That was hardly the case a mere four years ago at Sochi. While the quad has been an occasional feature in men’s skating since the 1990s, most skaters have chosen to rely on the execution of other elements instead of adding the physically demanding quad. At the 2010 Vancouver games, American Evan Lysacek took home the gold without a quad, and in 2014, Canadian Patrick Chan earned the silver medal with only two quads.
Just last year, Chan was still critical of skaters who attempted more than two quad jumps, stating “the quality of skating is diminished” because “what you're going to end up seeing is just people moseying down the ice and setting up for a quad.” Chan has three quads planned for this year’s Worlds, but has never landed all three in competition.
That brings us to the second U.S. men’s representative, Nathan Chen, who is competing at the senior level for the first time this year. Chen instantly broke ground with a program that features 5 quads which he always lands, making him the only skater in history to land 5 in competition. Quad jumps earn higher point values due to their level of difficulty, so landing them gives Chen an instant upper-hand. It allowed him to beat reigning Olympic and World Champion, Yuzuru Hanyu of Japan, at Chen’s very first international competition last month. This sets a precedent that raises the standard for male skaters worldwide, and certainly makes Patrick Chan’s comments about three quads seem antiquated.
While Chen’s quads are an incredible feat, the focus he puts on them during training takes time away from mastering his other components. Brown, on the other hand, earns some of the highest technical scores in the sport, but will still need to add at least 2 quads within the next year to remain relevant. The top Americans are playing catch-up in opposite ways – unfortunately for Brown, it will be harder to gain athleticism than it will be for 17-year-old Chen to refine his craft.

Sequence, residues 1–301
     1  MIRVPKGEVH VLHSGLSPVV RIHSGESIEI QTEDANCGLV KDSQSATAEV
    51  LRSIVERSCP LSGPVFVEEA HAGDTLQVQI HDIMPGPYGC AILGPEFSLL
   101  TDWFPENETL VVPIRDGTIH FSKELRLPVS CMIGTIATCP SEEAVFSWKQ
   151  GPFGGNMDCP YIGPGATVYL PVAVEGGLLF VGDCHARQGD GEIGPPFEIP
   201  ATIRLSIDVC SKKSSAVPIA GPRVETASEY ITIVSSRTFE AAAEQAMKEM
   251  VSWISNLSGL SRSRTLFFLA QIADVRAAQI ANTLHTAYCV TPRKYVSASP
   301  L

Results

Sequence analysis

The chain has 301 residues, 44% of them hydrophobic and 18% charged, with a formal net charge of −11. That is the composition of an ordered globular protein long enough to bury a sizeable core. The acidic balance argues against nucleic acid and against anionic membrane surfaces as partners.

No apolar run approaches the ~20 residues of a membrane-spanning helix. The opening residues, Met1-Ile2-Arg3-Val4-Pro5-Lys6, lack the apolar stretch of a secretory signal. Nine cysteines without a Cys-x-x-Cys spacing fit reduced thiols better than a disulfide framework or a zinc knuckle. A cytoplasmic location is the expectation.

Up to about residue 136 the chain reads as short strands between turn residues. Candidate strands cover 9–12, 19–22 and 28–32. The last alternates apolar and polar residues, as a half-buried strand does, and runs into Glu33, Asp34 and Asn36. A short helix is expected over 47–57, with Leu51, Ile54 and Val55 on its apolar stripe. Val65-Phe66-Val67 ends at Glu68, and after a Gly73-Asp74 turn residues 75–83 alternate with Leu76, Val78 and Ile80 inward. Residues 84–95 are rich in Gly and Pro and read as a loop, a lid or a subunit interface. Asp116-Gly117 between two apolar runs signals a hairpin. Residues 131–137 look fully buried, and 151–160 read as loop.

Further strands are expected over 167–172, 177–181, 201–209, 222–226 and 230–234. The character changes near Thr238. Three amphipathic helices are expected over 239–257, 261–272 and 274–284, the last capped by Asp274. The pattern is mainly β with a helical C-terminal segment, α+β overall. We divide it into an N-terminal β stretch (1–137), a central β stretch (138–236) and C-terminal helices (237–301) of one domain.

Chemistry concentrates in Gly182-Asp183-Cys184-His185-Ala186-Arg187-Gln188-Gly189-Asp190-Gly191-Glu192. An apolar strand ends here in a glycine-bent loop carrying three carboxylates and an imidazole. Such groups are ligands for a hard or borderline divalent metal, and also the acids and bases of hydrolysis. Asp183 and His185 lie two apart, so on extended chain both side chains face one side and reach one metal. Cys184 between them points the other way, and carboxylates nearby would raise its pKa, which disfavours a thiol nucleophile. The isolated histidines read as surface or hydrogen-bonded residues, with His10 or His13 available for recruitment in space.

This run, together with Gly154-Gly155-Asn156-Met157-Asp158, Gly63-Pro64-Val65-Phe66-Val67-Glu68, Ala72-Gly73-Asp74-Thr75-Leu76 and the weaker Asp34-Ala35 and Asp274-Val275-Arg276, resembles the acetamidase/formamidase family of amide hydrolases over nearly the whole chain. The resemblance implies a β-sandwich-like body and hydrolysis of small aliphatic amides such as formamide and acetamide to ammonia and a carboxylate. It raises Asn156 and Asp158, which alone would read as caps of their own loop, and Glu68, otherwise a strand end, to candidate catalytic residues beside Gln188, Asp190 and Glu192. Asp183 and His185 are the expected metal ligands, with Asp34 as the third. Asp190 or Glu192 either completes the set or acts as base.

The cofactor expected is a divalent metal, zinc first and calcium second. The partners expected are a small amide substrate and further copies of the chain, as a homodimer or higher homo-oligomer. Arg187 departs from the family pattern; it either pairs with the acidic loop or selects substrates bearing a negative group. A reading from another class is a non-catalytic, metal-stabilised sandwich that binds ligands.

To be successful at next year’s Olympics, skaters are going to need to bring both sides of the sport to the table: athleticism and artistry. For now, a quad can certainly bring excitement – as Patrick Chan said, they’re “a slam dunk contest,” – but the most memorable performances are owned by veterans who demonstrate the long-lasting tradition of the sport.
Amy Alexander’s recent commentary, Today’s Feminism: Too Much Marketing, Not Enough Reality, attempted to critique flaws in third-wave feminism. We who call ourselves feminists should be open to constructive criticism in addition to celebrating our achievements as a movement, but Alexander did not offer anything substantive to the conversation.
First-wave feminism gave women the right to vote and own property – if you were white. Second-wave feminism championed equal pay and the dismantling of traditional gender roles – if you were white. Luckily, third-wave feminism has been defined by inclusivity, fighting for women of all races, religions, sexual orientations, and gender identities. The movement isn’t perfect by any means, but Alexander’s editorial was an unfulfilled argument built on unsubstantiated claims.
Alexander made many bold assertions:
2017 Feminism’s equality messages are superficial and don’t address real issues. The Women’s March was “tone-deaf” to working-class black women. Women of color who spoke at the Women’s March are “superficial and insufficient,” and asking them to participate is an opportunistic scheme created by white women to feign unity. Leadership does not consider intersectionality important when demonstrated by women of color.
These would all be important, scathing arguments if there were facts, quotes, or examples to back them up, but Alexander provided nothing to support her claims. Moreover, it would seem 2017 feminism can do nothing to appease her; if feminism doesn’t address black issues, but it’s also “insufficient” when black women speak to those issues in the name of feminism, how are black women supposed to have a voice and be heard?
Tearing down a movement without a justifiable reason to be holding the sledgehammer doesn’t solve anything. If feminists, both black and white, spent more time striving toward common goals instead of constantly criticizing each other, true intersectionality might be achieved.